‘More money in budgie food’: Citrus grower says he has no choice but to rip his trees out and he’s not alone

‘More money in budgie food’: Citrus grower says he has no choice but to rip his trees out and he’s not alone

Fresh citrus has never been easier to find on Australia’s supermarket shelves.

But for an increasing number of growers of lemons, limes, oranges and other fruit, poor supermarket prices and rising labour costs are pushing them to rip out their trees.

For veteran farmers like Jason Sayer, it’s simply not worth growing fruit anymore 

Mr Sayer says he’s comfortable with his decision to leave the citrus industry.(ABC South West: Kate Forrester)

Two decades after shifting from wheat and sheep to citrus, the Sayers have decided to leave the industry because of rising costs.

An excavator has been booked to push over 1,500 trees at their farm near Wokalup, 150km south of Perth, this month. 

“The price of fertiliser, the cost of labour units, all our inputs have exponentially gone up,” Mr Sayer said.

“And we’re still getting the same pricing for fruit that we were getting 10 years ago.”

‘Just a handful’ of farmers left in region  

Mr Sayer said there were more than 30 growers in the area when he arrived.

But numbers have fallen to “just a handful” due, he says, to a lack of confidence in the industry.

“There’s a number of small to mid-sized growers in the south-west who have pulled out, so the total volume and diversity is reducing,” he said.

Approaching what should be his peak season, Mr Sayer is looking to other money-making ventures.

“I’ve worked in mining, dabbled in growing millets, sunflowers, you know, summer crops,” he said.

“I probably get a better return for growing food for budgies then what I do growing food for humans at the moment.”

Mr Sayer says it is increasingly impossible to make a living growing citrus in Australia.(ABC South West: Kate Forrester)

‘Game of screw the farmer’ 

Tamara Chinnery grows citrus and vegetables near Carnarvon, 900 kilometres north of Perth. 

Due to her location, Ms Chinnery’s oranges are some of the first in WA to be picked each year.

But she said imported fruit was pushing her out of the market. 

Tamara Chinnery says suppliers and supermarkets are more interested in imported fruit.(ABC Mid West Wheatbelt: Chris Lewis)

“Imported fruit from Egypt or America tends to sell wholesale for $4 a kilo (compared to) our fruit, which is probably four months fresher (and) they want to give us $2 a kilo. We just don’t understand that,” she said.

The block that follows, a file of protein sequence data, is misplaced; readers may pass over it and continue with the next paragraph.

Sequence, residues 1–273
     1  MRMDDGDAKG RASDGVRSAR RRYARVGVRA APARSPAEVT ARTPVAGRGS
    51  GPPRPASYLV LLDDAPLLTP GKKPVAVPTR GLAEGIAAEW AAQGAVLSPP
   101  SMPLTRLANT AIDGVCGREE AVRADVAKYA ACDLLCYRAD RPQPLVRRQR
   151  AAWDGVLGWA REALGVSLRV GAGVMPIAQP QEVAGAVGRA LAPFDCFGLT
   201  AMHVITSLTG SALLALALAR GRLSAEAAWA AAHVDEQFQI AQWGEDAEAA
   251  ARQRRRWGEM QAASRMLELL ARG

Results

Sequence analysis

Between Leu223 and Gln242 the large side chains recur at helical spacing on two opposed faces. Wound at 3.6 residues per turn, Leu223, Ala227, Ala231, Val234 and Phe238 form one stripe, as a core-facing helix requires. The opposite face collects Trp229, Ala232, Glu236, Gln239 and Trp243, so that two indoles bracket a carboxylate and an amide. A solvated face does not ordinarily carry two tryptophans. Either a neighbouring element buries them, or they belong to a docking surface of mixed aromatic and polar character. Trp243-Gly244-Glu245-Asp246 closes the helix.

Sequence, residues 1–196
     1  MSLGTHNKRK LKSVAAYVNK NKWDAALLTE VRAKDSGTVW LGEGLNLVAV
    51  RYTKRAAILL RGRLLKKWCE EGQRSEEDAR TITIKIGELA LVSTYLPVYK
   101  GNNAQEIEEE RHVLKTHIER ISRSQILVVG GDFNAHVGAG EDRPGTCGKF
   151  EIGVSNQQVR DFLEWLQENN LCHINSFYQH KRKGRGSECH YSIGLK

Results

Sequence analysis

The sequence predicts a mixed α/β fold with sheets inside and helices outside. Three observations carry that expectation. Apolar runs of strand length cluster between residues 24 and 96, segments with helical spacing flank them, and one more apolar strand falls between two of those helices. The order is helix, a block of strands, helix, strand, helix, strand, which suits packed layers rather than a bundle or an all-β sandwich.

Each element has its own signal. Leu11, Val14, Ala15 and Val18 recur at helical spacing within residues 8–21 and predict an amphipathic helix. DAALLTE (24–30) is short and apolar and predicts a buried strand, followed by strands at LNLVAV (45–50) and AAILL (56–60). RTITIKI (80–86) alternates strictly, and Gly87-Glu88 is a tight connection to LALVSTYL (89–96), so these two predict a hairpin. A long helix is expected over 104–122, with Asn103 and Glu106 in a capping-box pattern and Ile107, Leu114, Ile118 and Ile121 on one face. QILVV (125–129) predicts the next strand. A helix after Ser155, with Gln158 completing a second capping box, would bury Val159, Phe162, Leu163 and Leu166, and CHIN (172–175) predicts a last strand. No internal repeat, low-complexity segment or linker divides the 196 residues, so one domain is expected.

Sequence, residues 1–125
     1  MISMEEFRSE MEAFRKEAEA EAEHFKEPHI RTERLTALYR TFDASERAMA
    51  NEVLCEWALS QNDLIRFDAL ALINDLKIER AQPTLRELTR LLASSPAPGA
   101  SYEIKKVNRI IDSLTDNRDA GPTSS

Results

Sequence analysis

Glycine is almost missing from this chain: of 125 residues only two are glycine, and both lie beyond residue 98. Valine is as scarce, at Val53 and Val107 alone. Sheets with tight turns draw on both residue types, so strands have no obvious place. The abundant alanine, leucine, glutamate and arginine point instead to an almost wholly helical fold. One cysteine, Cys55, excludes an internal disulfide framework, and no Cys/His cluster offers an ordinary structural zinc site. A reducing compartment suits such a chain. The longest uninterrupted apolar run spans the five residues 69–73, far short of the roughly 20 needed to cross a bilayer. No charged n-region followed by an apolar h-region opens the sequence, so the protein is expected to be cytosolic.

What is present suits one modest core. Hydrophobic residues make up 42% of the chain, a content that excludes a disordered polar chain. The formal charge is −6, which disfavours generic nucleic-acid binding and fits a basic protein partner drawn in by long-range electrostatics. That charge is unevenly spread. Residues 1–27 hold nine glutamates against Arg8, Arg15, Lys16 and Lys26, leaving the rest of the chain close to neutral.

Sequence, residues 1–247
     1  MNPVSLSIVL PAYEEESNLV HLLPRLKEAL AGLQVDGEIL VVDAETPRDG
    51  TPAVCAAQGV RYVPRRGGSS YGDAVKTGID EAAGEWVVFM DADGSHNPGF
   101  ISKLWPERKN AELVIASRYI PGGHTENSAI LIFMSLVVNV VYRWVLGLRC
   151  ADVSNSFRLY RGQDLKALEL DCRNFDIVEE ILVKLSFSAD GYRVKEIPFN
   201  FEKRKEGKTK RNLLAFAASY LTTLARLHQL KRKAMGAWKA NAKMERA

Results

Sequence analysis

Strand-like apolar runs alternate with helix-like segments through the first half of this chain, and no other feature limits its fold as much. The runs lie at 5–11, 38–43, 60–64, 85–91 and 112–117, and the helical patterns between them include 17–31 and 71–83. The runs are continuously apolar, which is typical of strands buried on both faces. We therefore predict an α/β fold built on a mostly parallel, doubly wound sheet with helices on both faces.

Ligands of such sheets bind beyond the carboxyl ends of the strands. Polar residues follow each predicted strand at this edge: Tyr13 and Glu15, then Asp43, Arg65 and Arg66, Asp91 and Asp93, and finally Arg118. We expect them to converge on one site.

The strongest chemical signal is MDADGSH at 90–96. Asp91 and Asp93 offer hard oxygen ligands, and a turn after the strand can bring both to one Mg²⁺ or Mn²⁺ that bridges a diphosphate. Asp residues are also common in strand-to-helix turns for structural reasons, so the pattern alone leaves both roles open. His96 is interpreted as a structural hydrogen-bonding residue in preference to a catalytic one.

“It seems to be a game of screw the farmer.

“Freshly picked fruit is brimming with vitamin C, it’s fresh, it has a lot of juice — the imported fruit has been in cold storage for donkeys.” 

Ms Chinnery said she had considered ripping out her orange trees, but wouldn’t “just yet”. 

Ms Chinnery says she’s not yet prepared to abandon her orchards near Carnarvon.(ABC North West: Sophia Alston)

However, she said she was concerned about long-term viability of domestic fruit and vegetable production in Australia if consumers didn’t back local produce.

“We are hearing of people who are going to stop growing certain produce,” Ms Chinnery said.

“We personally are not going to grow certain vegetable lines anymore.

“We would probably make more money if we sat on the beach and went fishing.” 

A national problem

Citrus Australia CEO Nathan Hancock said rising production costs were a significant concern for the industry right, from far north Queensland to south-west WA. 

“We are starting to see a number of people exiting the industry. It might be through going into other horticultural crops or they might be putting their properties up for sale,” he said. 

He said a string of difficult seasons were squeezing margins, with the pandemic and global conflicts affecting access and trade for key agricultural products.

“We are seeing pressure from retailers to keep prices down, but growers having to pay extra costs,” he said. 

Citrus Australia chief executive Nathan Hancock says the past few years have been very difficult for citrus producers.(Supplied: Citrus Australia)

Mr Hancock said the conflict in the Middle East was hurting shipping in and out of Australia. 

“Bringing in imports … like fertiliser, shipping has to go on extended routes around dangerous areas or can’t access ports and (it’s) the same when we export our goods — it’s adding days to our travel to certain countries,” he said. 

“On both sides of the ledger growers are paying for that.” 

Australian farmers are now filling the domestic juice market due to a disease in Florida citrus(Source: ABC Landline)

US disease pushes up juice price

In better news for growers, the value of juicing fruit has risen sharply this year. 

Globally the juicing market has been dominated by Brazil and Florida, but Mr Hancock said Florida had lost a lot of production due to a tree-killing disease outbreak. 

“That’s now to the point where supply out of Brazil can’t meet demand and that means the Australian citrus industry is now meeting the demand of local juice and juice drink products, which had recently been filled by Brazilian imports,” he said. 

“So that means the price for off-run oranges which don’t meet the specifications of retailers, but could be used in juice, now have a more viable home and that means overall profitability increases.” 

Mr Hancock expected the demand for juicing fruit to continue to increase and impact orange markets across Australia. 

But in context, the price for the seconds fruit had risen from a worthless $20 a tonne to $200 a tonne, which may cover the cost of growing the fruit. 

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